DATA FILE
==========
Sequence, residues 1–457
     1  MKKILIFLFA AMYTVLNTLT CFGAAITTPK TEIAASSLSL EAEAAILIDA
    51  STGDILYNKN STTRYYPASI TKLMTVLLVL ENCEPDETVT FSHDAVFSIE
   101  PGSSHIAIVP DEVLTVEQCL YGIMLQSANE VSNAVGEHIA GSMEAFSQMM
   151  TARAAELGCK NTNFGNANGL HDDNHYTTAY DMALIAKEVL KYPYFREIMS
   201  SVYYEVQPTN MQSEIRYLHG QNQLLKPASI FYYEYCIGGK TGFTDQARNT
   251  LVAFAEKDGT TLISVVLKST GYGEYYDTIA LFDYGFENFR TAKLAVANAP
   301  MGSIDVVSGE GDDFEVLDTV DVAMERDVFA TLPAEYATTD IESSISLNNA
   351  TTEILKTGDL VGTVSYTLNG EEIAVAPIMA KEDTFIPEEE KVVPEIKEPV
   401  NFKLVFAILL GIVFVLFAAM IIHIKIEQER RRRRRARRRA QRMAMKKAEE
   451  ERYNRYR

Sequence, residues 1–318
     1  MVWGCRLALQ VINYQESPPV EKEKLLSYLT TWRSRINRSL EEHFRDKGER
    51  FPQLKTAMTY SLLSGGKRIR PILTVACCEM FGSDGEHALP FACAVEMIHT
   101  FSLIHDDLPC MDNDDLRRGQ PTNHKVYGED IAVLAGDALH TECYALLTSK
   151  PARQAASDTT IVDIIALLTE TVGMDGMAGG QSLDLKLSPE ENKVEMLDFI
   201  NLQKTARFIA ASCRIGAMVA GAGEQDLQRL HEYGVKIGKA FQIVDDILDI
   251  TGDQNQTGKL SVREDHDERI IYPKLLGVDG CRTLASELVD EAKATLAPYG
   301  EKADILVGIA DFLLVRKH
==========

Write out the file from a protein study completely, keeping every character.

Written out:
Sequence, residues 1–457
     1  MKKILIFLFA AMYTVLNTLT CFGAAITTPK TEIAASSLSL EAEAAILIDA
    51  STGDILYNKN STTRYYPASI TKLMTVLLVL ENCEPDETVT FSHDAVFSIE
   101  PGSSHIAIVP DEVLTVEQCL YGIMLQSANE VSNAVGEHIA GSMEAFSQMM
   151  TARAAELGCK NTNFGNANGL HDDNHYTTAY DMALIAKEVL KYPYFREIMS
   201  SVYYEVQPTN MQSEIRYLHG QNQLLKPASI FYYEYCIGGK TGFTDQARNT
   251  LVAFAEKDGT TLISVVLKST GYGEYYDTIA LFDYGFENFR TAKLAVANAP
   301  MGSIDVVSGE GDDFEVLDTV DVAMERDVFA TLPAEYATTD IESSISLNNA
   351  TTEILKTGDL VGTVSYTLNG EEIAVAPIMA KEDTFIPEEE KVVPEIKEPV
   401  NFKLVFAILL GIVFVLFAAM IIHIKIEQER RRRRRARRRA QRMAMKKAEE
   451  ERYNRYR

Sequence, residues 1–318
     1  MVWGCRLALQ VINYQESPPV EKEKLLSYLT TWRSRINRSL EEHFRDKGER
    51  FPQLKTAMTY SLLSGGKRIR PILTVACCEM FGSDGEHALP FACAVEMIHT
   101  FSLIHDDLPC MDNDDLRRGQ PTNHKVYGED IAVLAGDALH TECYALLTSK
   151  PARQAASDTT IVDIIALLTE TVGMDGMAGG QSLDLKLSPE ENKVEMLDFI
   201  NLQKTARFIA ASCRIGAMVA GAGEQDLQRL HEYGVKIGKA FQIVDDILDI
   251  TGDQNQTGKL SVREDHDERI IYPKLLGVDG CRTLASELVD EAKATLAPYG
   301  EKADILVGIA DFLLVRKH